#### Example - Where is the Potential Zero?

Consider a +3 C charge located 3 cm to the left of a given point. Where can we place a -1 C charge so that the electric potential at the point is zero?

First, let's ask where along the line joining the +3 C charge and the point we could place the -1 C charge to make the potential zero. In how many places can you put the -1 C charge to make V = 0 at the point?

How can we find these points exactly? We know:

• The total potential at the point will be the algebraic sum of the individual potentials created by each charge.
• The potential created by a point charge is given by: V = kQ/r, where
• Q is the charge creating the potential
• r is the distance from Q to the point

We need to solve:

k (+3 C) / 3 cm + k (-1 C) / r = 0

When we cancel out the factors of k and C, we get:

+ 3 / 3 cm - 1 / r = 0      r = 1 cm

If you place the -1 C charge 1 cm away from the point then the potential will be zero there. There are two places along the line that will work: 1 cm to the left of the point and 1 cm to the right of the point. (You should verify this using the simulation.)

Are there other places that you could put the -1 C charge to make the potential zero at the point, perhaps not along the line?

The answer we obtained (r = 1 cm) says that all you need to do is place the -1 C charge 1 cm away from the point. There was no reason that it had to be 1 cm to the left or the right of the point. It can in fact be 1 cm in any direction. So there are an infinite number of places that you can put the -1 C charge to make the potential zero: these places form a circle of radius 1 cm centered about the point.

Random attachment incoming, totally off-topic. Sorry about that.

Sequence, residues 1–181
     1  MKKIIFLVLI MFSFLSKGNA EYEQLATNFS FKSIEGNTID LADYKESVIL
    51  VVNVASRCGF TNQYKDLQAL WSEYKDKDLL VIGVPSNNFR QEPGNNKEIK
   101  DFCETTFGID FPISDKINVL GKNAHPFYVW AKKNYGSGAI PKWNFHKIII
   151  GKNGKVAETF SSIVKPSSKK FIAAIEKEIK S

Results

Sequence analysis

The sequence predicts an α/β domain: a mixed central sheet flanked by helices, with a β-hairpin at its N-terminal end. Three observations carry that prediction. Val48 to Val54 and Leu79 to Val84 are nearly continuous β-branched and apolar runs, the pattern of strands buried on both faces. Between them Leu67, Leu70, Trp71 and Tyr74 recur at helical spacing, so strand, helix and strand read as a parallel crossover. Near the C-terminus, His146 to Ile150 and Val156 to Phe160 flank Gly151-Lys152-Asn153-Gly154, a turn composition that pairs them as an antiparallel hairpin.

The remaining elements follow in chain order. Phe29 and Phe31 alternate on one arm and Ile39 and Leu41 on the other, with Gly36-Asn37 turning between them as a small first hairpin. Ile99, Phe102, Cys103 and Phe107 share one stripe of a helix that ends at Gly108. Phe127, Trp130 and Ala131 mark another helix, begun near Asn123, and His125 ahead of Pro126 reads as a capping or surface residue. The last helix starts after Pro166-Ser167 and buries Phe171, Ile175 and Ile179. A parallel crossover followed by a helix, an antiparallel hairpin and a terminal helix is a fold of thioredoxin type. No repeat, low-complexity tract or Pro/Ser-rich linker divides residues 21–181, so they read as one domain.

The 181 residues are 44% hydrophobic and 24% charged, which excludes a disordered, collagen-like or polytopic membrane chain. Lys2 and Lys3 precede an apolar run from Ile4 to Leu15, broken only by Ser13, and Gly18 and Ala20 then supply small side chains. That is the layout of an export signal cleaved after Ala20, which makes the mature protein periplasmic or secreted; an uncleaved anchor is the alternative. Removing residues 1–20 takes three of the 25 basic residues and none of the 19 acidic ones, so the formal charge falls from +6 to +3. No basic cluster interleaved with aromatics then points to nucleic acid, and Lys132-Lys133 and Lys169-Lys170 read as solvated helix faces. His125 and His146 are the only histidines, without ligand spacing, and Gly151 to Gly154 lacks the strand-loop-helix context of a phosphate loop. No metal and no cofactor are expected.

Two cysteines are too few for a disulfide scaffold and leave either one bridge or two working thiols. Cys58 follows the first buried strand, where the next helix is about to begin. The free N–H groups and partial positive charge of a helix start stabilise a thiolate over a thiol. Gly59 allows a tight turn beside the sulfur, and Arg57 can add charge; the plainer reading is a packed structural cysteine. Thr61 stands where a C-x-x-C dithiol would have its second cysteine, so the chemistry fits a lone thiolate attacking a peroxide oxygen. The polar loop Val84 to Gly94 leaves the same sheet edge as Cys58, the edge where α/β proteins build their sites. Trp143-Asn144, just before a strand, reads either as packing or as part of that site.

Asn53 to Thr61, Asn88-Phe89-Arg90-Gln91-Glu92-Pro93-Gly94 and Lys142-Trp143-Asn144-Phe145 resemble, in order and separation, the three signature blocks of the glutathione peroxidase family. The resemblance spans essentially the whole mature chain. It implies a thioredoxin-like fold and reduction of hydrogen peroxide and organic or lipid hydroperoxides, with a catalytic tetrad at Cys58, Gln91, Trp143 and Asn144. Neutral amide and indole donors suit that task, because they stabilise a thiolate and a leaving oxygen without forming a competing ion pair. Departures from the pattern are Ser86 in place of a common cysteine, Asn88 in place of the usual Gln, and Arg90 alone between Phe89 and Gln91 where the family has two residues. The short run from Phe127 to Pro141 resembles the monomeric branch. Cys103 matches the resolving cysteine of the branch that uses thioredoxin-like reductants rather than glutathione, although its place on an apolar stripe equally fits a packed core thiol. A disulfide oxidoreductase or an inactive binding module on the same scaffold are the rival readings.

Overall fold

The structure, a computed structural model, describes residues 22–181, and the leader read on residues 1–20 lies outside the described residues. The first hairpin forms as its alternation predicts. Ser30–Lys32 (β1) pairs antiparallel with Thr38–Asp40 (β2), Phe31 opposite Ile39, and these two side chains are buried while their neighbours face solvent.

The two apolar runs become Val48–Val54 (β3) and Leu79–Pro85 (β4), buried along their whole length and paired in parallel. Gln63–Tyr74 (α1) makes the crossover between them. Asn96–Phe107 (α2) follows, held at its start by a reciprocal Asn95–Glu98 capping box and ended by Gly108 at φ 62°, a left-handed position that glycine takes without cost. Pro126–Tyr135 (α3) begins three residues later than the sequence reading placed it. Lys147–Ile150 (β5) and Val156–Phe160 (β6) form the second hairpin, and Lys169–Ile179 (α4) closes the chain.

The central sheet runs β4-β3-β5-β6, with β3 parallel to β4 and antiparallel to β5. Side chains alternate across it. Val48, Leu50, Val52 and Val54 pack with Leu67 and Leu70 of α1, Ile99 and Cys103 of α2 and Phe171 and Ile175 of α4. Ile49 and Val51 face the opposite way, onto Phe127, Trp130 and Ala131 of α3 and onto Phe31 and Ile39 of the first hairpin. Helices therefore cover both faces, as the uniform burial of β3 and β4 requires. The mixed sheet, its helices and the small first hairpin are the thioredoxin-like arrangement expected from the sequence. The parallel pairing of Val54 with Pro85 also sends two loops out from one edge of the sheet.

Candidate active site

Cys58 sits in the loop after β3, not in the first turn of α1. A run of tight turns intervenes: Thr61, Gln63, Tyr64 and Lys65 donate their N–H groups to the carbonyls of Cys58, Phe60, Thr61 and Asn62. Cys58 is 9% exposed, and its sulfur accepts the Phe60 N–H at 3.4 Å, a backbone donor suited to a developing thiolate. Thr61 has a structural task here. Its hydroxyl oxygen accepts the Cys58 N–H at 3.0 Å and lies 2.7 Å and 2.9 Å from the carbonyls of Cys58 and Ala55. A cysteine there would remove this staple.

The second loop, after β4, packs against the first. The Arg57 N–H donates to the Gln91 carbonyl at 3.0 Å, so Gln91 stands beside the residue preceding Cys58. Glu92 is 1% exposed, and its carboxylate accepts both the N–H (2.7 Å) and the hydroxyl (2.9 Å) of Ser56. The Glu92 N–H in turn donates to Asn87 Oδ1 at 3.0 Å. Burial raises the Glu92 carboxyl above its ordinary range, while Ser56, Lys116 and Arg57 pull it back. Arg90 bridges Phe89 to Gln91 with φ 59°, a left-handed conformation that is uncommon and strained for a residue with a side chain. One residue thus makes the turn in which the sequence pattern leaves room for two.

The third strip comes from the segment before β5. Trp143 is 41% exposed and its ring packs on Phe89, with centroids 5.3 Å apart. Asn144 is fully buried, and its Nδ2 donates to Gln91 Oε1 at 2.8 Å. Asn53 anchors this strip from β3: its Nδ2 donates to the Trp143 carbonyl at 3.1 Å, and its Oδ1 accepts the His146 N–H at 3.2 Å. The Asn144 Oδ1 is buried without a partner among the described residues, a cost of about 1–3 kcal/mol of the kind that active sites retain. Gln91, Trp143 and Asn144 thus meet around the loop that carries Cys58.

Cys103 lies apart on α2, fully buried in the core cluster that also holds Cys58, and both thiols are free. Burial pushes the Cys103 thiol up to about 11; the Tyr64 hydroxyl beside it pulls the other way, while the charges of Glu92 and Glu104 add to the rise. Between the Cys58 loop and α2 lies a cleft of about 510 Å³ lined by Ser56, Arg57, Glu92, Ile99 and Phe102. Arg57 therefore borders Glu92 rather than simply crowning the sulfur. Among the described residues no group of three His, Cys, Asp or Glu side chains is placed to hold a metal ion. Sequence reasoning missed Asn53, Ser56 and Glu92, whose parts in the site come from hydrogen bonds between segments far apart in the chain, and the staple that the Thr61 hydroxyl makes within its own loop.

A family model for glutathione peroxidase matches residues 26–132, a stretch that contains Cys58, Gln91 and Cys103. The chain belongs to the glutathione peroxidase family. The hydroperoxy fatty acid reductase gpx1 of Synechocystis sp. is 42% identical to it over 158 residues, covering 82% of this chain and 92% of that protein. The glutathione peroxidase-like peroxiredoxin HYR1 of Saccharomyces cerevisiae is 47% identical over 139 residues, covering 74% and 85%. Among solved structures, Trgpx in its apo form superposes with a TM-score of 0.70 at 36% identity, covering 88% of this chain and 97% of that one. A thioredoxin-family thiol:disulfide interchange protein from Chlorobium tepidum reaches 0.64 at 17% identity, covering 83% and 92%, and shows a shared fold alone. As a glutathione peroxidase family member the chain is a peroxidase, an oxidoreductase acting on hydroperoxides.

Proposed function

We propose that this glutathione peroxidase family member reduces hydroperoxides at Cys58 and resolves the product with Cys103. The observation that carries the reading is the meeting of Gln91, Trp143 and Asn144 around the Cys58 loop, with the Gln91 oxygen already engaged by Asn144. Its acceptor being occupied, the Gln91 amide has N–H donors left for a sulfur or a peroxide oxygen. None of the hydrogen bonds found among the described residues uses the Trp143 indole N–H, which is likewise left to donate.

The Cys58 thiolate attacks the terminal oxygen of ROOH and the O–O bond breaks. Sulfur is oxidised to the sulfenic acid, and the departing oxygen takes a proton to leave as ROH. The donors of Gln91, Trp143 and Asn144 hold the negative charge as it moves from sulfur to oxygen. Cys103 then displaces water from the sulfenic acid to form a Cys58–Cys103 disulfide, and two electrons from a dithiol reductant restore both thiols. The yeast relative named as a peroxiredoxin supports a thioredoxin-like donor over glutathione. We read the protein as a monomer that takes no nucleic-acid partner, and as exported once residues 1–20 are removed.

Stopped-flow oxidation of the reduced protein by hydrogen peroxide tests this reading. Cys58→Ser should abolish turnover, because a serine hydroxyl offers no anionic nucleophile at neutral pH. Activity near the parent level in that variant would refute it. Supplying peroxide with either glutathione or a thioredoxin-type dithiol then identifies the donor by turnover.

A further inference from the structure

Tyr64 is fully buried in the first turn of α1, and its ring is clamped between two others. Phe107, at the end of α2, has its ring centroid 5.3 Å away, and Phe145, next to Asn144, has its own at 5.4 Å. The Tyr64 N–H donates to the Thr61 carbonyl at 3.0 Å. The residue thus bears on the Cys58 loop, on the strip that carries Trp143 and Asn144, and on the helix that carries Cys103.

The freedom of not worrying about direction is because potential is a scalar, that is, just a number. The +3 C charge creates a potential (just a number) at the point. The -1 C charge must be placed so that its potential at the point is the negative of that same number. On the other hand, a field has both a magnitude and a direction. If we wanted to ask the same problem as before except that you had to place the -1 C charge to make the electric field zero at the point, then there would only be one place to put it: along the line to the left of the point. (See the electric field Physlab: "Example - is the Field Zero?") This is the only place where the vectors had both the same magnitude and opposite directions.

 Where is the potential zero now? Click on the milestone icon to answer a conceptual question that will appear in the milestone window at the upper right. Click the Explanation button to see a detailed solution to the milestone question.

 Where is E zero but V non-zero? Click on the milestone icon to answer a conceptual question that will appear in the milestone window at the upper right. Click the Explanation button to see a detailed solution to the milestone question.